9. Is the Canadian income trust (or the industry it’s in) the subject of a lot of favourable broker and media attention? If so, investor expectations may be excessively high, and that leaves the trust vulnerable to a steep downturn on any hint of bad news.
  10. Is the current and prospective yield high enough to justify the risk?

Don’t invest in speculative Canadian income trusts

One of the more reassuring aspects of the long-term rise now underway in the stock market is that the strength is concentrated in well-established companies. Investors are bidding up the prices of stocks with a history of sales and earnings, if not dividends. Speculative areas like penny stocks, new issues, junior techs and so on appear to be out of investor fashion.

This contrasts sharply with, say, the income-trust boom of the mid-2000s. Back then, investors were plunging into new issue income trusts, many of which were of low investment quality. Today’s situation contrasts even more with the Internet stock mania of the late 1990s. Many of the new issue Internet stocks back then were little more than stock promotions.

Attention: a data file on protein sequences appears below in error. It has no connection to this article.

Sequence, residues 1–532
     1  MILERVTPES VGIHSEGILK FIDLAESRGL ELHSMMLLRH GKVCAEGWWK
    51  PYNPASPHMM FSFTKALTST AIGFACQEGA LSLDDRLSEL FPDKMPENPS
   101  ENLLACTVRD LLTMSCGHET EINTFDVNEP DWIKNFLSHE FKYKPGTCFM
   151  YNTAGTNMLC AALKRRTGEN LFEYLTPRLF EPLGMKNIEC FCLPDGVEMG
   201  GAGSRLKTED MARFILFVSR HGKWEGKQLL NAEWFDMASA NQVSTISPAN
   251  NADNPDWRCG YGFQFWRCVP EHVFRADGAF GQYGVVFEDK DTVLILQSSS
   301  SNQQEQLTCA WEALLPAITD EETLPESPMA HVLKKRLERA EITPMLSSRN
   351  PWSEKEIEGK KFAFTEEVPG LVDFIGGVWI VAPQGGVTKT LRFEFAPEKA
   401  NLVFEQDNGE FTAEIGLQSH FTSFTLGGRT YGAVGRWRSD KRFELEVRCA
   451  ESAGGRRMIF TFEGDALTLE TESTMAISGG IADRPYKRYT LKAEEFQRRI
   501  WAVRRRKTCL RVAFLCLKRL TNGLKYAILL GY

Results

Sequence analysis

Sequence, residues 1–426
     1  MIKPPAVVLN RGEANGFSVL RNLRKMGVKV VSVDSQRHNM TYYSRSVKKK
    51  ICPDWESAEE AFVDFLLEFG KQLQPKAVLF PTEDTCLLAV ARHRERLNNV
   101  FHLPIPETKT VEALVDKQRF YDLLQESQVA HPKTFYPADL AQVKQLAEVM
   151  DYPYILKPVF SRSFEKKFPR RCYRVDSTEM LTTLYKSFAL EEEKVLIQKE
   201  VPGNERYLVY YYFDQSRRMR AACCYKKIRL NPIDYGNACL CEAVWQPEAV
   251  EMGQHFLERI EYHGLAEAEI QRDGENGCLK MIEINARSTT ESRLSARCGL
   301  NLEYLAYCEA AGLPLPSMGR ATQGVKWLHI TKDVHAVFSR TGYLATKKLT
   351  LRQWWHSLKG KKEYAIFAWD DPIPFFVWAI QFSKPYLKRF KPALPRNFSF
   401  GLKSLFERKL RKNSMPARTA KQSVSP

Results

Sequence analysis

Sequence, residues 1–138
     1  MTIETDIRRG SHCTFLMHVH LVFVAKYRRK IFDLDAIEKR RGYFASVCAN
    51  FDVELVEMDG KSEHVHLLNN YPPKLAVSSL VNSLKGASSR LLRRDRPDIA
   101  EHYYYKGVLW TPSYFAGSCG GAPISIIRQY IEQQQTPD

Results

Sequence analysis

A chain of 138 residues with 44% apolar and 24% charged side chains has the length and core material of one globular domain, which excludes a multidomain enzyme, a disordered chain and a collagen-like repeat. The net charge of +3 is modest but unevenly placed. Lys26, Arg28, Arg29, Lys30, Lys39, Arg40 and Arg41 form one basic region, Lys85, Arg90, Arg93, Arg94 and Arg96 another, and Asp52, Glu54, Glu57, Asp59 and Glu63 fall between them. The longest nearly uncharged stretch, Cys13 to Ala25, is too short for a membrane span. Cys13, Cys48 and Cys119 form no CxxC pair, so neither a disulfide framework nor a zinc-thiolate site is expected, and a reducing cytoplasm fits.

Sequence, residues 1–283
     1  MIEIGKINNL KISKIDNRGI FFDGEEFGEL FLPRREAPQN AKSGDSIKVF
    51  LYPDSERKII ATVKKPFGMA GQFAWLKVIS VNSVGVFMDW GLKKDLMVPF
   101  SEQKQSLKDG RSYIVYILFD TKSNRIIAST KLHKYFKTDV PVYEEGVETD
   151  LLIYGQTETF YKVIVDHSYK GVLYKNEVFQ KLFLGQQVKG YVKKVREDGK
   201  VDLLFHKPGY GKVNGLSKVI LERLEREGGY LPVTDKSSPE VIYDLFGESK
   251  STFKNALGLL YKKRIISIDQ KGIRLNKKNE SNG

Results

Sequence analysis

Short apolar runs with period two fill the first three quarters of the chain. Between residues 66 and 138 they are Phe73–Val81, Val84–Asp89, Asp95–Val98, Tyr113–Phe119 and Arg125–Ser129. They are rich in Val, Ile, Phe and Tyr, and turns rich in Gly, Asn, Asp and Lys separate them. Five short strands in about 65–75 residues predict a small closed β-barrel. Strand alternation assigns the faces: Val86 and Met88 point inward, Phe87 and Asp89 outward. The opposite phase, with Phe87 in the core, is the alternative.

Chasing after low-quality investments like these becomes common when inexperienced investors enter the market. These newcomers lack the healthy sense of skepticism that you need to succeed as an investor. So they naturally zero in on the least desirable stocks on the market. Almost by definition, these are extremely risky and/or overpriced stocks that seem to offer high rewards with little risk. They generally deliver precisely the opposite.

Chemtrade Logistics (Toronto symbol CHE.UN) is one of Canada’s last reliable Canadian income trusts. It’s one of North America’s largest providers of removal services for resource firms, such as oil refineries and base metal processors, whose operations create sulphur, acid and other by-products. Chemtrade converts these substances into useful chemicals, like sulphuric acid.

If you’re looking for safety-conscious investment advice like this, you should subscribe to Canadian Wealth Advisor.

How interested are you in real estate investment trusts considering the 2018 market? Share your opinions in the comments.

This article was originally published in 2010 and is regularly updated.